Nitric oxide has important roles in the body. This chemical attained star status in the 1980’s when it was discovered that it is a key molecule in the cardiovascular system that helps keep blood vessels healthy and regulates blood pressure. Nitric oxide (NO) is released by the inner layer of blood vessels keeping these vessels flexible and allowing them to dilate, boosting blood flow. The drug, nitroglycerin relieves chest pain by becoming nitric oxide and improving the flow of blood and oxygen to the heart. A Nobel Prize was awarded in 1998 to three researchers for these discoveries.

The nitric oxide molecule is also involved in the immune and nervous systems, and participates in some ways in chronic inflammation and cancer. It also regulates the death of many immune and inflammatory cells.

In 2003, in an attempt to better understand some of the mechanisms of Red Skin Syndrome (RSS), I undertook a well controlled blood study comparing nitric oxide levels of active RSS patients, cured RSS patients (at least 2 years after all red flares and symptoms disappeared) and a further control group of new, non-treated very mild eczema patients. All patients were studied for one year with various random samples of blood to test for NO. Amazingly, and with a remarkable statistical significance, the active RSS patients had hugely elevated NO levels and the two other groups minimal or no elevations at all. The elevations were still evident, as well as their RSS skin and symptoms to the end of the year when we stopped the study.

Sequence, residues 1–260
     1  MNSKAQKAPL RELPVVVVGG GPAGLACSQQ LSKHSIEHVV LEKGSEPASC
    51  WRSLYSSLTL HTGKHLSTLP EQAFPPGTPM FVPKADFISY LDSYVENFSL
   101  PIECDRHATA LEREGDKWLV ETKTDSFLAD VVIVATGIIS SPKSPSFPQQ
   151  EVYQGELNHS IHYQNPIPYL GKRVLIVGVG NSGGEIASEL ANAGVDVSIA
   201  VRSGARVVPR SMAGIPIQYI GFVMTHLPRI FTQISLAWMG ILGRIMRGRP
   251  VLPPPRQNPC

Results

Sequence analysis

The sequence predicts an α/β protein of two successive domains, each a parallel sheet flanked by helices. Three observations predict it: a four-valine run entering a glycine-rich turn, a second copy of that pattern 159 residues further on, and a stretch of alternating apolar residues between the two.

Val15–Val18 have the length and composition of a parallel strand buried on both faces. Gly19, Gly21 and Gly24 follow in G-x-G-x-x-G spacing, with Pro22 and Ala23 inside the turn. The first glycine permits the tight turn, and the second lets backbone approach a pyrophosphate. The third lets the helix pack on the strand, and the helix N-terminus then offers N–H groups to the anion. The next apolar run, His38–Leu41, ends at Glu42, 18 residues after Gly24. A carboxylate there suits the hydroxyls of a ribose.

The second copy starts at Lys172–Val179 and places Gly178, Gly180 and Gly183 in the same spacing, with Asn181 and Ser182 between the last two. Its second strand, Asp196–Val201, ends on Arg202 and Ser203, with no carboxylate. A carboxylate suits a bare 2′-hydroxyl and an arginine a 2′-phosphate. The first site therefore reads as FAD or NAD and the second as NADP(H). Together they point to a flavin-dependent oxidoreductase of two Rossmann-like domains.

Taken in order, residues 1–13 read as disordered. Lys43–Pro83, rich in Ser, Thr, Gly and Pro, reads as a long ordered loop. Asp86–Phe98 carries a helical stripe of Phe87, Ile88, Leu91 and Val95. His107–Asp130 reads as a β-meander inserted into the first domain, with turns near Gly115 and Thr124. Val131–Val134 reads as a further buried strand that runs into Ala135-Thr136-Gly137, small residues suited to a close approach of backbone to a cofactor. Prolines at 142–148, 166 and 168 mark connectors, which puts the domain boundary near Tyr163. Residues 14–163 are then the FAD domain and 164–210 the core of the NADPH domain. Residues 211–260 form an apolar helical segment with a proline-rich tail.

My nitric oxide study was published in Archives of Dermatology in August, 2004.

I have still not ascertained why cessation of steroids, the curative withdrawal protocol treatment for active RSS, allowed for an entire year of elevated NO and continuation of the pathology.

What is the connection between active RSS and elevated levels of nitric oxide? In RSS the steroids turn the switch on to maintain a continual outpouring of NO with no stoppage built in — the system goes out of control – why??

Is this somehow connected to the out of control growth found in cancer cells?

It is known that certain foods boost nitric oxide. Could foods be involved in the continuation of the disease?

It is also known that exercising boosts nitric oxide release.

Could exercise be involved in the continuation of the disease?

These important questions require further investigation.